2. October 26, 2011 6:34 pm

    Women and girls are the third largest commodity on the black market due to sex traffickers and it’s growing. After guns and drugs women are sold into sexual slavery at an astonishing rate that is growing even in North America. A blind eye has been turned to this modern day slavery for far too long.

  3. kmiriam permalink
    October 28, 2011 9:47 am

    GREAT comments Tina and CA Freeb. Absolutely, CA sexual slavery is a definite focus of my work. Do you have any source for this one third stat??? it would be soooo helpful.

    Tina, Have you considered writing a short piece about any or all of these issues? I will definitely incorporate them –or most of them–when I get around to writing a longer statement–or co-writing it–based on the flier.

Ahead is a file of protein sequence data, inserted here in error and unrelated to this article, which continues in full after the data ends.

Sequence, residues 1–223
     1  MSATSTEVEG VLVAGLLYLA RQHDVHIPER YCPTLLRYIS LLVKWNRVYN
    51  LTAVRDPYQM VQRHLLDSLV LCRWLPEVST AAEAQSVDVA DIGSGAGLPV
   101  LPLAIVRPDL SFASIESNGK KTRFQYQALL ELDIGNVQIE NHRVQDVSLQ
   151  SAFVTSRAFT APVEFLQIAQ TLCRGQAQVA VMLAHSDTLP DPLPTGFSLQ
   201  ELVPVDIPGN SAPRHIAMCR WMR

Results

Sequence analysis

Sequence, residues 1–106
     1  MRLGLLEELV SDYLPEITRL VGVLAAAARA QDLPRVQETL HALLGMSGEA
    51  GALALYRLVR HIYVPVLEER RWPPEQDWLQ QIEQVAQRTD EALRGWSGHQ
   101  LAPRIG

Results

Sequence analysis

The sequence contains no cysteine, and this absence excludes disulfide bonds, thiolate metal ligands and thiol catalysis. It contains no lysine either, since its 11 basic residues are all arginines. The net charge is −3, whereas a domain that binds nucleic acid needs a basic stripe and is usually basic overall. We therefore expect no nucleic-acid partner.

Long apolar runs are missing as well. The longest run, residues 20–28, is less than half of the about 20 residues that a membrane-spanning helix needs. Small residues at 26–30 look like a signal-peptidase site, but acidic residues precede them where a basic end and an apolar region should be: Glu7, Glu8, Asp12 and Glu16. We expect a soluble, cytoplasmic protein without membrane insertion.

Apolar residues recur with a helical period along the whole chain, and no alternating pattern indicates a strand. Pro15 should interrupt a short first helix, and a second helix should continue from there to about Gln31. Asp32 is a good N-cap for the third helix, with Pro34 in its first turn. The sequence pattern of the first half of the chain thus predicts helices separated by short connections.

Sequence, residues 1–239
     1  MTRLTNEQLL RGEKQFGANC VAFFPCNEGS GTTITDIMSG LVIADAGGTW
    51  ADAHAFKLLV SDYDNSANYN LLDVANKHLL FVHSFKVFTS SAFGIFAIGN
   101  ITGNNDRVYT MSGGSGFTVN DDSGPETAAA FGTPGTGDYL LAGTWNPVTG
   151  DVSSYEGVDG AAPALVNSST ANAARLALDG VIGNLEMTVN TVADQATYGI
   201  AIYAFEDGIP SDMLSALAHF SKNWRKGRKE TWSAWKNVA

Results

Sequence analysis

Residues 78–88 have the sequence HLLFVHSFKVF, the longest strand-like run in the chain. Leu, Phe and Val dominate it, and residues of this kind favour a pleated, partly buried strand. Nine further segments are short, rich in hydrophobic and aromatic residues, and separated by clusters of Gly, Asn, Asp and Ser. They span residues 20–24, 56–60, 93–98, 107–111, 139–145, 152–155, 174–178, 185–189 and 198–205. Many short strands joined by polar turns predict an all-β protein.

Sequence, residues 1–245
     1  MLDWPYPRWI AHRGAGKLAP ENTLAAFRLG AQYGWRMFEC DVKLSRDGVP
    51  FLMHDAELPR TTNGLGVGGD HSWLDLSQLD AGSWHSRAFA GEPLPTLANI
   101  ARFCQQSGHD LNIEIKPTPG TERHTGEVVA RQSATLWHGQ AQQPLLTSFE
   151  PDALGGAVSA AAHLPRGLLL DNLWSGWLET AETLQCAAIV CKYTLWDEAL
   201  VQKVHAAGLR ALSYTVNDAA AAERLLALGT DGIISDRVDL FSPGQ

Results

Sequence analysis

4. October 29, 2011 12:39 pm

    Has this been made into a PDF flier? I feel like I am missing something.


  5. kmiriam permalink
    October 29, 2011 1:22 pm

    womononajourney- No, not yet. You can turn it into one though. I have a pdf flier but it’s not as complete as this one. If you want it let me know. Where can I post it?

  6. November 9, 2011 8:26 pm

    Hi KMiriam –

    I work full time on anti-psychiatric abuse issues and ended up feeling burned out re Occupy, just spending too much time looking at what everyone is doing. If you want my input on a flyer just let me know. I created a Facebook page Occupy Mental Health/Occupy Psychiatry as a space where people can talk about this.

    I see the Occupy Psychiatry/ anti-psychiatric abuse aspect as being very congruent with safer spaces and Occupy Patriarchy. Similar issues of oppression and potential violence within the movement (e.g. using forced psychiatry against someone in the belief that it’s not really violent or not equivalent to giving someone up to state repressive forces etc.), as well as issues that get left off the agenda.

    I’m following this blog and thank you so much for doing it.

    In solidarity,



  1. Writing Feminist Flyers For Occupy–More Resources « Occupy Patriarchy
  2. Feminism, Occupy, and Sexual Violence